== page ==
Mink (Mustela vison)
The Mink (Mustela vison) is a member of the Mustelid family which also includes stoats, weasels, ferrets, badgers, and otters. Originally brought to the UK for fur farming, a number of minks have escaped over the years, leading to a sizeable wild population in Scotland. As aggressive predators, these minks pose a serious problem to both other animals and to humans.
The Key Facts About Mink
Most mink are dark brown, almost black in colour with a white patch on the chin. Their fur is thick and durable yet soft, which is why this fur is commonly used for making clothing. Much like skunks, minks have a prominent scent gland adjacent to the anus which can release a pungent smell. Males are about twice the weight of the females.
The mink was first introduced to Scotland from North America in 1938, for the purposes of fur farming. Over the years, though, escapes and deliberate releases from anti-fur protestors lead to the mink becoming widely established in the wild. River systems are their main habitat, and they can be found in around half the counties of England and across the entirety of Scotland.
Due to their similar appearance and habitat, mink are often confused with otters. The main difference between the two species is that otters are typically larger, measuring up to a metre in length, and have a lighter coat. On the other hand, mink only generally grow around 60 centimetres in length, and their coat is almost black in colour.
Mink (Mustela vison): The Significance of Control
Most suitable river systems in Scotland have now become occupied by mink, which has lead to a significant impact on the local fauna. In particular, the catastrophic decline in water vole populations has been due to heavy predication by mink. This pest species may also be found along the coast. Despite them being such aggressive hunters and having an enormous impact on the country’s ecology, the government was hesitant to act for many years after the first mink escapes from fur farms. This gave the species plenty of time to establish itself in the UK and expand its population to the point where it can no longer be removed completely. Even now, there is no clear government policy on how to deal with the threat that mink pose to other wildlife. It is largely up to each individual authority to decide how to manage this problem, and most simply take no action whatsoever.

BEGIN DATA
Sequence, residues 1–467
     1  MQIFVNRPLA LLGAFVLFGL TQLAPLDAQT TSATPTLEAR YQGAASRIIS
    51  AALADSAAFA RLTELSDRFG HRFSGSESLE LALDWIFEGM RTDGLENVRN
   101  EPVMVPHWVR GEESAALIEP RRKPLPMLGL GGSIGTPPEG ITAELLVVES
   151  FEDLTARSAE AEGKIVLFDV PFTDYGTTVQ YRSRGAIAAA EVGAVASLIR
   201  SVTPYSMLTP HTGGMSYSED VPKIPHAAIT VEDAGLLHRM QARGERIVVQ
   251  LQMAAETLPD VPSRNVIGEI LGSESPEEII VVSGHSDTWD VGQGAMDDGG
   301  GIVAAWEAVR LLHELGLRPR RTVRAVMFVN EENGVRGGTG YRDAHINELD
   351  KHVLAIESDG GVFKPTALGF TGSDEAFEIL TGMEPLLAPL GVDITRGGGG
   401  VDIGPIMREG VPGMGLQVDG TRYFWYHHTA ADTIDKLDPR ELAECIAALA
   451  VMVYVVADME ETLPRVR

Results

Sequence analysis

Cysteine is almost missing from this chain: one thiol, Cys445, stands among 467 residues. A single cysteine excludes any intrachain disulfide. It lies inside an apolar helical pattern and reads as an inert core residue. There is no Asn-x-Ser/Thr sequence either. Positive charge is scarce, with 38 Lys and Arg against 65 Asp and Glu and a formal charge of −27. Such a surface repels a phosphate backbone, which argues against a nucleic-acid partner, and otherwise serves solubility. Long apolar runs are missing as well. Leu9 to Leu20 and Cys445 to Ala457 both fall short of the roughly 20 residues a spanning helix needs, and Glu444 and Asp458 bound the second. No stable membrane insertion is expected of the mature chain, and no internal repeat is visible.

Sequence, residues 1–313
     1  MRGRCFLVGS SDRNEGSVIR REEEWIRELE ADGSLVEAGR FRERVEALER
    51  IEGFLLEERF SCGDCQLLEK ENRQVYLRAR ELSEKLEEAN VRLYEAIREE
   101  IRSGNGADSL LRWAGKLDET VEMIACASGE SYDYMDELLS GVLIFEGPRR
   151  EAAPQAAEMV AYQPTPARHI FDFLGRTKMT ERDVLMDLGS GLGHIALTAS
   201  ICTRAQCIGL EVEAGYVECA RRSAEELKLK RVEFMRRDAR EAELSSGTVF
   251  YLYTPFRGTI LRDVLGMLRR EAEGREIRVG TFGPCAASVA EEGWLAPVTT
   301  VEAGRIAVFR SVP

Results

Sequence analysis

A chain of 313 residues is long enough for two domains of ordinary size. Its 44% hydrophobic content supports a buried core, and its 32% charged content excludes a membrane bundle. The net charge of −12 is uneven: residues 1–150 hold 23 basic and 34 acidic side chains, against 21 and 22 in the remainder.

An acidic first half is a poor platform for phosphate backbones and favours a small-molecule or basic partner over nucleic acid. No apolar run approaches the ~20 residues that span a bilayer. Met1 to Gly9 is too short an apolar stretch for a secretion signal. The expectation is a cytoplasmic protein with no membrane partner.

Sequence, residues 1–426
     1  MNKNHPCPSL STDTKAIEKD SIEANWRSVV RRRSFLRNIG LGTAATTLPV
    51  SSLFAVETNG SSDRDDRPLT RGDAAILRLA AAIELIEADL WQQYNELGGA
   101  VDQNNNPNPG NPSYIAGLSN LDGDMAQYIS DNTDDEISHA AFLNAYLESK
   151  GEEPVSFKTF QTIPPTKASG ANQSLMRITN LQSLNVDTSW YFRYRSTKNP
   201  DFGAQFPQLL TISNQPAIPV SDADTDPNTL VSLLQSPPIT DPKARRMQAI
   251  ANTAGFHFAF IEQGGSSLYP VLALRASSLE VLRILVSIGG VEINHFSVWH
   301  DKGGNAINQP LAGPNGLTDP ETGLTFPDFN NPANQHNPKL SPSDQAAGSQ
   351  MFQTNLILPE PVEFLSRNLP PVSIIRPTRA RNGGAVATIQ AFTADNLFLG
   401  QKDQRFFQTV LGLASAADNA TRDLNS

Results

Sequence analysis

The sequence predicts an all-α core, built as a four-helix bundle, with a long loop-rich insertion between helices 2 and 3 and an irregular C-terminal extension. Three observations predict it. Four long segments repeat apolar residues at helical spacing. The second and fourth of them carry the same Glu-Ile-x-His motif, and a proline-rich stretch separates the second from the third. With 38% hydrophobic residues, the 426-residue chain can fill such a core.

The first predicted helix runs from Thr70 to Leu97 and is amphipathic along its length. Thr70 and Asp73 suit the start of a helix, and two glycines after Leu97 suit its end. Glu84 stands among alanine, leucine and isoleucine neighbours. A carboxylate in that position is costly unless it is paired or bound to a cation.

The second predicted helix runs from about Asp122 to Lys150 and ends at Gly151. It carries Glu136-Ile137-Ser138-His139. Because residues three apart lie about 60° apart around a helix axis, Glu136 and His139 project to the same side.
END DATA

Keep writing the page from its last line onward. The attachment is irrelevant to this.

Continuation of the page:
Due to their habit of living near rivers and other bodies of water, mink are a particular issue for fish farms. In addition to predation of wild fish, mammals and birds, mink will kill a wide variety of domestic poultry, small pets, game birds, ornamental waterfowl and commercial stocks of birds or fish. They are particularly greedy anumals, and if given the opportunity will kill far more prey than they can realistically eat. This habit is known as surplus killing, and means that if a mink gets into a chicken coop, this can result in huge economic losses as the animal will kill everything in sight. This is the main reason for the mink being considered a pest, and all the more reason to tackle an infestation as promptly as possible before it gets too far out of hand.
Call Pest Solutions to Get Rid of That Pest Today!
Pest Solutions provide an expert staff of Pest Control qualified professionals who are right here around the clock to assist you with any unwanted pest related troubles. There are strict rules surrounding mink control, but you can rest assured that our highly knowledgeable technicians will stick well within the guidelines to deal with your pest problems effectively and humanely. Pest Solutions have local coverage all over the United Kingdom allowing our expert technicians to react quickly to take care of your pest infestations . Have a member of our team help you today.
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